My “takeaway” from these various videos is that, yes, alcohol does burn hot enough to make a mantle give off very useable light, especially ethanol, which is what I would be producing, if at all. But I n order to have a stable and controllable flame, the fuel needs to be pressurized, whether by pump, or by self-pressurizing, using the wick-in-heated-delivery-tube method. And in any lantern larger than that soda-can camping lamp (slick!) there should be a needle valve to control consumption/ illumination.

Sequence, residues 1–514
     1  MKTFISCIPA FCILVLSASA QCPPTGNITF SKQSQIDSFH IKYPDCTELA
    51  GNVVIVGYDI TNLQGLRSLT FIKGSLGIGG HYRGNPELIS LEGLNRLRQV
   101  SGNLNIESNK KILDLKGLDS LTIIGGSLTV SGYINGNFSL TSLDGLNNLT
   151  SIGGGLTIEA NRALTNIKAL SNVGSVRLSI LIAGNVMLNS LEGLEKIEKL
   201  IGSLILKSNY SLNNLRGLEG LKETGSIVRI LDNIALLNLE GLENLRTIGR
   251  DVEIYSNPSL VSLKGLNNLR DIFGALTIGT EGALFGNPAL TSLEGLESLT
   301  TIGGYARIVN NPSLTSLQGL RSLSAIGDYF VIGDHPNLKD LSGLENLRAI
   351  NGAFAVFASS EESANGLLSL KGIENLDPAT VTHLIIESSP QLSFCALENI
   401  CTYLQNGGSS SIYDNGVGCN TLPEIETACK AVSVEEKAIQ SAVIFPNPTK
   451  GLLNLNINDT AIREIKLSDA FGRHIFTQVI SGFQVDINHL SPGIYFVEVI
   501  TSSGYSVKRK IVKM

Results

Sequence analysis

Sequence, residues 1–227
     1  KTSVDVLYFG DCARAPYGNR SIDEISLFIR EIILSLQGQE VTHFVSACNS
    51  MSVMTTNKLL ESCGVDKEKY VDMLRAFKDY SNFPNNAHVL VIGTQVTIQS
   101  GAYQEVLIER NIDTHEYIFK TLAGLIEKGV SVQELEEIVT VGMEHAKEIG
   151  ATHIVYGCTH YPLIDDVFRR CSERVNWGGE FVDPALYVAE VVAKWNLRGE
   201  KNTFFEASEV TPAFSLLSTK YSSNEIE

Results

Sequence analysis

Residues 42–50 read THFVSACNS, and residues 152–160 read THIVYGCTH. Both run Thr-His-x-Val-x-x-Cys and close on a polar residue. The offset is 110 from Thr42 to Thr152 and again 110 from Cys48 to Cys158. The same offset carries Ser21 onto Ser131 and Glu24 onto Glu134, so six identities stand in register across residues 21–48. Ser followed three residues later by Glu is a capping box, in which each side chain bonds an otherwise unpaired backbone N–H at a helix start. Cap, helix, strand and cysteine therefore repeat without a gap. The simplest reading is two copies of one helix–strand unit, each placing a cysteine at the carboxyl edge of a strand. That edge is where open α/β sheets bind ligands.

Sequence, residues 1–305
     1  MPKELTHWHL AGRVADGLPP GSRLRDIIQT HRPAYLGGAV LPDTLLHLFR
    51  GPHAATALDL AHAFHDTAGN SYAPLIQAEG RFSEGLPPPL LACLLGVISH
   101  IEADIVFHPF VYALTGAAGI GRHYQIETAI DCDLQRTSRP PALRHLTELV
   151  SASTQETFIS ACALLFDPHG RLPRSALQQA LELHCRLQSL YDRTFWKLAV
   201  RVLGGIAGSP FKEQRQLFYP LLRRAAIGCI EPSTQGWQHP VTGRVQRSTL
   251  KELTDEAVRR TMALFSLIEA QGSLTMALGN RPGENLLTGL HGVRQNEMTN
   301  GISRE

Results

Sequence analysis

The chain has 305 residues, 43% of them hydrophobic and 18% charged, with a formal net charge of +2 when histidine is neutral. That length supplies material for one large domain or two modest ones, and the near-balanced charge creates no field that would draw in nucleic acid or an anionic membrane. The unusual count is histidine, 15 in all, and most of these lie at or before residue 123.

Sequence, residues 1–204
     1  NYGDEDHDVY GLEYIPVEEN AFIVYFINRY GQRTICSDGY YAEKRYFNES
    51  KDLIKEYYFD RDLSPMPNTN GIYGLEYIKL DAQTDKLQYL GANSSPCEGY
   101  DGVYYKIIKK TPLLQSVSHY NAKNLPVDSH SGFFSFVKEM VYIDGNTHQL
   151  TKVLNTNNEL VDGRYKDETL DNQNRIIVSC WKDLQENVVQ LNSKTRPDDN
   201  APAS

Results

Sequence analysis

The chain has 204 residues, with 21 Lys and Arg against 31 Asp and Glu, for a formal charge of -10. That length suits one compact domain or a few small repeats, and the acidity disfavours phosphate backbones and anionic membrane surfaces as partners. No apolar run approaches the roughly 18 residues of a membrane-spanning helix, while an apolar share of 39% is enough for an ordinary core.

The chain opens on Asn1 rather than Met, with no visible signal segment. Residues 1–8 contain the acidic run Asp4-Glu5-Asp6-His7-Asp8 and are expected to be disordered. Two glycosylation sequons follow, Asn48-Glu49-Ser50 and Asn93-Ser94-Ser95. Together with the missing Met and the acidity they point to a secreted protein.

The technique for joining two soda can bottoms for a small cooking stove is not too hard, but requires some care not to introduce dents while cutting/ cleaning the parts. Both upper and lower pieces must be the same diameter. To widen the lower part to fit the upper, use a third can, filled with hardened plaster of Paris, or concrete, lubricated lightly with vaseline or cooking oil. Press the filled can evenly into the lower piece. The trapped air pressure should make separation easy. Clean (degrease), then fit the prepared upper, lightly coated with JB weld, into the lower piece. Many variations on this theme have been made/touted/displayed in “lightweight camping” forums, e.g., the “penny stove,” but for all the skill/ care lavished on them, and the justifiable pride their makers take, the simplest, easiest lightweight alcohol stove is one made from a small aluminum cat food can, by punching a row of holes around the top (paper punch) just under the rim. Pour in 0.5 – 1 ounce, light it. Reguires a little shielding from wind for best efficiency, easily provided with a vetilated pot stand made of a slightly larger, taller can, e.g., a beef stew can. Pardon my excess; I’ve been a craftsy meshuga since kindergarten.